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Jurassic Park: Explorer DVD Game

Score: 80%
ESRB: Not Rated
Publisher: Brighter Minds
Developer: Giant Interactive
Media: DVD/1
Players: 1 - 4
Genre: Board Games/ Themed

Graphics & Sound:

Jurassic Park: Explorer DVD Game's visuals are basically what you would expect from a DVD game. If you've picked up a movie that contains some sort of game you play with your remote-control, then you know what to expect as far as graphics are concerned. All visuals are pre-rendered and spliced together on the fly to give them a fairly seamless feel. The rendered models of dinosaurs, Jurassic Park and the various landscapes look pretty good, but definitely not ILM quality.

The game's audio isn't all that bad. The various dino-roars and general sound effects come through pretty well and the narrator's voice was loud and clear.


Jurassic Park: Explorer DVD Game takes both board and DVD games and pushes them together. Up to four players will travel around a board attempting to gain dinosaurs that the Jurassic Park researchers will be able to bring back to life. You do this by taking part and completing various mini-games. Your turn begins with a roll of the die, moving your piece and selecting the activity that is represented by your location on the game board. If you complete the activity, you get a dinosaur. You can play as one of four dinos: Pteranodon, Triceratops, Raptor, and T-rex. The mini-games take place at seven locations around the island.

The Jungle contains a maze. In this game, the camera will pan over a birds-eye-view of the maze showing you the destination and forcing you to choose the correct starting location. The Laboratory has three spinning panels that contain heads, bodies or feet of dinosaurs. Match up all three and you will win the mini-game.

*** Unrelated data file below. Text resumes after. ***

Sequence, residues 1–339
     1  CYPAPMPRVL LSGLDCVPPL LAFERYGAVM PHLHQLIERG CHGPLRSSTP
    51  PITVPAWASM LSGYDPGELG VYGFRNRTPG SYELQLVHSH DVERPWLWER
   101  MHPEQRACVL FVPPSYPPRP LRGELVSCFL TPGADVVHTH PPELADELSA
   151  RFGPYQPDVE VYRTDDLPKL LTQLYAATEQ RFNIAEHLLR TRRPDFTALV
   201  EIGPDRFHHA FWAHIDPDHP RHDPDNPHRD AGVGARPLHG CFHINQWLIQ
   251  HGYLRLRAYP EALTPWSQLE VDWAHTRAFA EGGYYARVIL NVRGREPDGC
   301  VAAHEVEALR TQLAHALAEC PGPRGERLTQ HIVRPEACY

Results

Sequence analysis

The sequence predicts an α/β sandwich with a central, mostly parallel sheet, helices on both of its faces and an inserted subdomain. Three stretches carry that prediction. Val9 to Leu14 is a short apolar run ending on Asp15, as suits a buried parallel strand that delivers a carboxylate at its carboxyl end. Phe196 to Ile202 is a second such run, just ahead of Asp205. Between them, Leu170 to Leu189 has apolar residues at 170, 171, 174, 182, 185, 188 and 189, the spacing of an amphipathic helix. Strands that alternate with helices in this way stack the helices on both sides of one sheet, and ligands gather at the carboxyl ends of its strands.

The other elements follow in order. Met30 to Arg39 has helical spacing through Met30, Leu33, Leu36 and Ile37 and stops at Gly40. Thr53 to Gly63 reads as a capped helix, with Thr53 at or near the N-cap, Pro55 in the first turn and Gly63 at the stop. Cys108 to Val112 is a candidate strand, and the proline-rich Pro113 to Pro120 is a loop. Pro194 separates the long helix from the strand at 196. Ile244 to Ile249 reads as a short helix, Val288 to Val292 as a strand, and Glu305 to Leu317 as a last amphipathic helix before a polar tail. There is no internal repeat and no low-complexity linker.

The Bone Dig Site lets you unearth bones, and you win this game by finding five bones in a set number of moves. At the Museum, you are asked three questions about dinosaurs and the Screening Room has you watching a clip from one of the Jurassic Park movies and answering a question about something you saw.

The last two locations, The Planes and The Chasm are slightly different than the others. At The Planes, a dinosaur will emerge from the fog and you have to yell out its name. After a certain amount of time, the other players can yell out a guess. The game then reveals what it was and the players select which player won the round. Meanwhile at The Chasm, you have to run up to a fallen bridge and jump at just the right time to avoid being eaten.

You and your opponents go around the board until someone has collected five or seven dinosaurs, depending on which game length you selected when you started.


Jurassic Park: Explorer DVD Game has three settings that each player can choose from. There is the easy setting of Scout, the medium one of Tracker and the hard level of Paleontologists. There are only a couple of places in the game where this setting matters and that is in the Q&A session at the Museum and the dinosaur matching game at the Laboratory.

Scouts can match any species of dinosaurs, while Trackers are constrained to only herbavores and carnivores (which type is decided by the game) and Paleontologists are told to match specific species. The other game, the Q&A, requires that Scouts correctly answer only one question while Trackers answer two and the hardest setting has to get all three questions correct.

Oddly enough, I have to say that in any of the settings, the dino-match game is generally harder than expected. I found myself not quite matching one of the body parts more times than not. It was somewhat annoying.

Game Mechanics:

Jurassic Park: Explorer DVD Game is very pleasing in its simplicity. You can play this game in any DVD player and on a flat surface to put your game board on. Actually, the instructions suggest doing away with the board if you are playing on a car DVD player. You make your various selections with the arrow buttons and the OK/Enter button on your remote.

If the game involves just timing, like at the Chasm or Laboratory, then a click of the OK button at the right time is all you need, while others like the quiz and bone dig mini-games, require you to move over a selection with the arrow buttons before hitting OK.

Jurassic Park: Explorer is pretty good for learning about dinosaurs as well as getting the family together in front of the TV for some general board game fun.

-J.R. Nip, GameVortex Communications
AKA Chris Meyer

Minimum System Requirements:

Any computer or game system with a DVD ROM drive or a DVD Player

Test System:

Standard DVD Player, Xbox 360, PlayStation 2, PlayStation 3

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Game Vortex :: PSIllustrated